Enough digressing, though. The UFO article that caught my eye was titled Enormous Meteor (Enorme Aerolito) and was published in November of 1878 in El Siglo XIX. It’s a short piece, no more than ten lines or so, stating that, in Central America, a hollow meteor had been found containing an amphora and a small, shrouded human body. I got to googling key words and, by sheer coincidence I stumbled upon a fascinating blog post titled “Ovni caído en Carcarañá,” from the Otras Alternativas blog, which belongs to a Radio Program out of the city of Rosario, Argentina. Apparently, and sadly (although why am I surprised I don’t know), the article was unceremoniously lifted, without attribution, from an earlier article by Fabio Picasso published in 2004 in the Revista Investigación website. (Why do people do that? It’s very sad.) At any rate, Picasso does a fine job of documenting his archival research. Let’s see some highlights of what he says.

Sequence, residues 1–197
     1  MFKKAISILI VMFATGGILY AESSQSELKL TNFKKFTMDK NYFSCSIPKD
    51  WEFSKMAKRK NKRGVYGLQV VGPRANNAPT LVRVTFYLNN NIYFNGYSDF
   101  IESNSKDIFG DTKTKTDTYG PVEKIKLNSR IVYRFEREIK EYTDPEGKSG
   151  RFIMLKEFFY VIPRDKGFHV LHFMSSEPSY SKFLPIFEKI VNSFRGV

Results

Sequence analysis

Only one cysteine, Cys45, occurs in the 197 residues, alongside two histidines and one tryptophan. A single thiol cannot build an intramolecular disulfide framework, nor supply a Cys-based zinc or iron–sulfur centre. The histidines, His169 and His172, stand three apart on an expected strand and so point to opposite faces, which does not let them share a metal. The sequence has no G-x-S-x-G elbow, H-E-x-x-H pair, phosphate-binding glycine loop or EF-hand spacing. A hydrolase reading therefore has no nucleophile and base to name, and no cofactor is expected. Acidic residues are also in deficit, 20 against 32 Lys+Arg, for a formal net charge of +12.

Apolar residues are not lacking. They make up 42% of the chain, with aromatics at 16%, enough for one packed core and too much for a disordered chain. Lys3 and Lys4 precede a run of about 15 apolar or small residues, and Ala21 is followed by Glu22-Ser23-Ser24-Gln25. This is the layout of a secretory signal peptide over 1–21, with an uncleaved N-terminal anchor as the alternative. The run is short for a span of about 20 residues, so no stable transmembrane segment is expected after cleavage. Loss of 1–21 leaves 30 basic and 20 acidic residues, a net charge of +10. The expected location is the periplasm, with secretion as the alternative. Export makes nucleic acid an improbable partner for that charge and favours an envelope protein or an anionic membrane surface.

In 1877, an article appeared in a Rosario newspaper called La Capital titled Eureka, Eureka! In it, a man calling himself “A. Serarg” reports coming to the town of Carcarañá for health reasons and discovering a “colossal,” black meteorite in a field. It measured over one hundred feet in length and almost one hundred in diameter (the precise measurements given were in varas, 45 long and 30 diameter, and I’m calculating about 3 feet per vara which is about right from what I’ve been able to gather.) Mr. Serarg gets a geologist, Mr. David, a man called Mr. Paxton, and a local peasant called Jesús Villegas to return with him to the meteor. The men are able to break through the exterior of the black meteor and discover a chamber inside the meteor. In this chamber, tucked in a corner, they find an amphora made out of silvery metal, pocked with many tiny holes and containing strange inscriptions. They discover another chamber in which they find a small, strange, shrouded body of a bald person with a flat face, a small mouth with fourteen teeth and a little trunk or protuberance for a nose. Nearby they locate a piece of silver containing a picture of a rhinoceros, a palm tree, our sun and our solar system’s planets. What is curious is that Mars is given prominence in this elementary, child-like picture, establishing that the meteor or craft was Martian in origin, the body that of an inhabitant of that planet and the divine message that God had not only populated earth but also other planets. Wow. A Roswell Crash from 1878 Argentina! Could it be for real?